gms | German Medical Science

22nd International Congress of German Ophthalmic Surgeons

18. to 21.06.2009, Nürnberg

Ophthalmology in India

Meeting Abstract

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  • Antonio Bergua - University of Erlangen-Nürnberg, Department of Ophthalmology, Erlangen, Germany
  • Matthias Vogler - University of Erlangen-Nürnberg, Department of Ophthalmology, Erlangen, Germany
  • Christopher Rössler - University of Erlangen-Nürnberg, Department of Ophthalmology, Erlangen, Germany

22. Internationaler Kongress der Deutschen Ophthalmochirurgen. Nürnberg, 18.-21.06.2009. Düsseldorf: German Medical Science GMS Publishing House; 2009. Doc09docVI 4.3

DOI: 10.3205/09doc088, URN: urn:nbn:de:0183-09doc0885

Published: July 9, 2009

© 2009 Bergua et al.
This is an Open Access article distributed under the terms of the Creative Commons Attribution License (http://creativecommons.org/licenses/by-nc-nd/3.0/deed.en). You are free: to Share – to copy, distribute and transmit the work, provided the original author and source are credited.


Outline

Text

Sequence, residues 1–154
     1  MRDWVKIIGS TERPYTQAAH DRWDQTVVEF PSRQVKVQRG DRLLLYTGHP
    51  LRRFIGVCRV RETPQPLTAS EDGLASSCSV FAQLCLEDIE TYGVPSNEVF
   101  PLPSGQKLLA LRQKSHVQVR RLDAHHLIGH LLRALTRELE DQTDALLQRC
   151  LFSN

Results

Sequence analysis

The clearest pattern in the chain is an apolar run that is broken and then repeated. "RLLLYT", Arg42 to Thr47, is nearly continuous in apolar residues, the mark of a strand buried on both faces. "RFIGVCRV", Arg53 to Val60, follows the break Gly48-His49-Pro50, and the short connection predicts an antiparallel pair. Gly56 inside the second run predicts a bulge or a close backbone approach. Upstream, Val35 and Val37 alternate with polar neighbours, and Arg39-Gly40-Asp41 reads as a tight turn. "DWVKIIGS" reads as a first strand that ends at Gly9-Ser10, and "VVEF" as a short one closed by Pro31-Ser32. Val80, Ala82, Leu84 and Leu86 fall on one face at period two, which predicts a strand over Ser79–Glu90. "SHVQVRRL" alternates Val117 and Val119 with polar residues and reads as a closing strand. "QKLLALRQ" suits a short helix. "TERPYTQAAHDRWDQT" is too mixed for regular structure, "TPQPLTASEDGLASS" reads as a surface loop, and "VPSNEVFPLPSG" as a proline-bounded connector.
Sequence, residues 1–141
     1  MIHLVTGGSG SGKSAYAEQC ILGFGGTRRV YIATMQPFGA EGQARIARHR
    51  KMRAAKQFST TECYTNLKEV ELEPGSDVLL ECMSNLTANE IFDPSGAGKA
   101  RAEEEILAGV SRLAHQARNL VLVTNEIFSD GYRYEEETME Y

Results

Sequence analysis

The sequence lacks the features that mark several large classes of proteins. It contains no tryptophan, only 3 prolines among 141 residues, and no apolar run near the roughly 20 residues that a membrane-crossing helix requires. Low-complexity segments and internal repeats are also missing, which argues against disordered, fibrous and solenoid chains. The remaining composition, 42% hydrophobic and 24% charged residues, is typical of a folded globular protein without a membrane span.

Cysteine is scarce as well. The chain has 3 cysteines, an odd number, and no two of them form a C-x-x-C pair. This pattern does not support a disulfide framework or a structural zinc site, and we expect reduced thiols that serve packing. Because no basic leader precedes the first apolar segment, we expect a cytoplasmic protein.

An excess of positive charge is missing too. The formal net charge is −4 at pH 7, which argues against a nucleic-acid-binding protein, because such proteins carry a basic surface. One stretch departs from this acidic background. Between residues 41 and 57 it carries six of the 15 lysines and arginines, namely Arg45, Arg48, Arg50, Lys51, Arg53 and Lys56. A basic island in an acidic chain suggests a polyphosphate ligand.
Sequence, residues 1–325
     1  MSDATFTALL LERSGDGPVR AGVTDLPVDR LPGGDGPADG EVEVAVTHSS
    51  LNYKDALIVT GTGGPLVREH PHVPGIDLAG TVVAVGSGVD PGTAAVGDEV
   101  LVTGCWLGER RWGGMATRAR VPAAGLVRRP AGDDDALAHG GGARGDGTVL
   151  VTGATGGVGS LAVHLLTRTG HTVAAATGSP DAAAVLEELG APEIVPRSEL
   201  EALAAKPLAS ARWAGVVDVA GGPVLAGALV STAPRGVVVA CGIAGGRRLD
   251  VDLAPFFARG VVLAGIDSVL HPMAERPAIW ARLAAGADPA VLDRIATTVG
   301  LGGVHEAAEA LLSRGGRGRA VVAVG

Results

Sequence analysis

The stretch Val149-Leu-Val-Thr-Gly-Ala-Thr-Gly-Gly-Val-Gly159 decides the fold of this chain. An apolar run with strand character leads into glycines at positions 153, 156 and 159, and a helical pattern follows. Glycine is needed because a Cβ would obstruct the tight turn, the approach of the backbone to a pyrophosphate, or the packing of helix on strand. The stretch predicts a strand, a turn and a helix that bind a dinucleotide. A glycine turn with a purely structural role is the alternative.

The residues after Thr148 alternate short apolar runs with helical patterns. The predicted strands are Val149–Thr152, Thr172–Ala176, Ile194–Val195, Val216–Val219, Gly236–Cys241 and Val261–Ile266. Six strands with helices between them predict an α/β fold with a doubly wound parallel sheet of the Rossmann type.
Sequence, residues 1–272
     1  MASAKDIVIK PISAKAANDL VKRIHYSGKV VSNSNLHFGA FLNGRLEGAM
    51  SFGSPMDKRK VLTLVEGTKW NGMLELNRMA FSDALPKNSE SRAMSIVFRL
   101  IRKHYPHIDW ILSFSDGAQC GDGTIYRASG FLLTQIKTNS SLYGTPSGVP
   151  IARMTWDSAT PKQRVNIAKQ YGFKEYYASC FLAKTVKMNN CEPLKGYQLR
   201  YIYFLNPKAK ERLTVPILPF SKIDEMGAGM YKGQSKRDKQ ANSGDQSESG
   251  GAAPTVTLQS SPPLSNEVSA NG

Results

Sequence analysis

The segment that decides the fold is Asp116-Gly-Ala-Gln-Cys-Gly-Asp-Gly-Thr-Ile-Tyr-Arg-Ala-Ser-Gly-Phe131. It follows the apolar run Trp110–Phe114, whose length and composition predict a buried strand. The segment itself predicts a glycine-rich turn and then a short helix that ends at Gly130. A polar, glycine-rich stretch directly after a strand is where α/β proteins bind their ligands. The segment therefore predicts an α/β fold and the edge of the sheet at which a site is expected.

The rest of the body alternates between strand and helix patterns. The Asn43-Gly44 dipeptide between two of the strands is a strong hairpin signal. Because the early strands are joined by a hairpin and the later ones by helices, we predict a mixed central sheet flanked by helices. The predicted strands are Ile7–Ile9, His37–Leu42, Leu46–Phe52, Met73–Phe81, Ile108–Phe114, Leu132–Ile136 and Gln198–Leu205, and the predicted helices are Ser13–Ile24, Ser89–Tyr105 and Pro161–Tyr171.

The republic India is the world’s largest democracy. With a population of 1.2 milliard inhabitants India is surpassed only by China. Approximate 19 million Indians are blind, living predominantly in the countryside. The most frequent reason for blindness is cataract: There are 15 million cataract blind patients in India. Three of four Indians over 60 years suffer from it. The most used technique for cataract surgery is the extracapsular cataract extraction with simultaneous intraocular lens (IOL) implantation. Intracapsular cataract surgeries without IOL implantation can be found only rarely. Also the aphakia glass is little more accepted. The most suppliers of highly qualitative cataract surgery through phacoemulsification with simultaneously IOL implantation are private clinics or medical centers, especially in major cities. Only 15000 ophthalmologists are available in India for treatment of cataract and other ocular diseases, just as much as in Germany, nevertheless, they must supply 1.2 milliard people. Indian ophthalmologists work mainly in conservative ophthalmology and in the big towns; rural regions are avoided. Every year approx. 250 ocular surgeons are trained in India. In future the specialist's education should be better aimed on the modern ophthalmic surgery, in particular phacoemulsification, corneal transplantation and vitreo-retinal surgery. Also the realization of refractive interventions, above all LASIK, spreads rapidly in the major cities of India. By the rapid economic and technological development, India is also able to develop and produce own technologies for the ophthalmologic diagnosis and treatment ocular’s diseases.